Trying to Ride a Tricycle in the Fast Lane

Most adults still read the same way they did when they were ten years old – with no sign of speeding up!

Do you remember what it was like the first time you tried to read? You learned the alphabet when you were about five or six and could pronounciate short words. “M … Mo … Mom” That’s probably hwo you started, letter by letter, until you’d gotten through the whole word. Then you’d start the whole arduous process over again with the next word, until you’d gotten through the whole sentence well enough that you could understand it.

At about ten years old, you were reading more fluidly. You read word by word, maybe moving your lips or whispering along to yourself as you went. Although you had made great improvements between the ages of five and ten, five years later, at fifteen, you were still in almost the same place – reading each word individually – although now your active vocabulary had increased to about eight hundred to a thousand words.

Using the right tools for speed reading

Now that you’re an adult, you have an active vocabulary of at least two thousand words and you can understand more challenging texts. But your reading techniques have probably not improved very much. You’re still reading the same way you did at 10: Going through each sentence, each paragraph, each page word by word.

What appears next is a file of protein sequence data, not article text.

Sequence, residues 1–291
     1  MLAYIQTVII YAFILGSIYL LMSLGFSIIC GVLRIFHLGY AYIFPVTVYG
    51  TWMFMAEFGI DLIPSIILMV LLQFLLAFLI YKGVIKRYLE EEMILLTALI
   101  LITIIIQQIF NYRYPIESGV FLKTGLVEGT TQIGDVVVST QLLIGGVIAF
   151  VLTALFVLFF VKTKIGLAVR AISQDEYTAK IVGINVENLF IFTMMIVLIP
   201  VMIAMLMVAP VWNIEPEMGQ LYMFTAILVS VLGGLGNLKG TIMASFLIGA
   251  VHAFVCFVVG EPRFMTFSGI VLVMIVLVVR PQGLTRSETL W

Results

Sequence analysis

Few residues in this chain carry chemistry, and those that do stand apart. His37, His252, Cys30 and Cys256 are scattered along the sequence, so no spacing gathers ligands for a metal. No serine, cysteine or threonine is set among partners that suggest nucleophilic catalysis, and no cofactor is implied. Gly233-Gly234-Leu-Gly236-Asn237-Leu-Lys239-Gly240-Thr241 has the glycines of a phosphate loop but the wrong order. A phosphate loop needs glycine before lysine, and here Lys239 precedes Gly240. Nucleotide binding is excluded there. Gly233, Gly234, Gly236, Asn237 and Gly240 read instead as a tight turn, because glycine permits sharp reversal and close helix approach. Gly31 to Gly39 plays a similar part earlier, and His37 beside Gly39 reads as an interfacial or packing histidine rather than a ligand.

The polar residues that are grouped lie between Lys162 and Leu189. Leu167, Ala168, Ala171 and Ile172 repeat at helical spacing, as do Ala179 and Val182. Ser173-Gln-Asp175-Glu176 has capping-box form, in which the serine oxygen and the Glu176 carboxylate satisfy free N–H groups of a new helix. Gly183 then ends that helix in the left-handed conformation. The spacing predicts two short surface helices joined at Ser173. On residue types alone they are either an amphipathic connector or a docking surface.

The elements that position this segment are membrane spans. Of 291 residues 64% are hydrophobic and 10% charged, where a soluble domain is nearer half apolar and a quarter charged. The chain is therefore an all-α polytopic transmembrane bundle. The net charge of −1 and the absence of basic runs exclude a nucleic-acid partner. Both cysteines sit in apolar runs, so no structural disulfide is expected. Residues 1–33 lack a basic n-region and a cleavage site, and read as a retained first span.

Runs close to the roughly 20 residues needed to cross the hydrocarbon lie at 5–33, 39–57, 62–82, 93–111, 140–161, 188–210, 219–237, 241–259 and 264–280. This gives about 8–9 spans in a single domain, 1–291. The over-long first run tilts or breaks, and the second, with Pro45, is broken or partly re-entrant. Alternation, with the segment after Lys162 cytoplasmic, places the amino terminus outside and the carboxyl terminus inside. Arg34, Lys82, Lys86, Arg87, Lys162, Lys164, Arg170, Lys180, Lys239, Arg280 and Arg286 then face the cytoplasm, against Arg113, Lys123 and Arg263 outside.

It’s as though you’re trying to ride your tricycle on the highway: You could be going much faster, if you were only using the right tools!

As a Swede, I’m astounded by this because in Scandinavia no one reads word by word. We learn to read quite differently, so that even as elementary school students we look at whole phrases at once – effective speed reading. That’s our secret to reading so much faster!

You can learn to do it, too: Speed reading like the Swedish do. You’ll learn all about it in my new book.


Purchase now: BrainRead – Effective Speed Reading. Reading like the Swedish. Amazon Kindle Edition

175 Pages, $ 10.91

Göran Askeljung

Director of immediate effects Ltd.
Owner and Author of BrainRead

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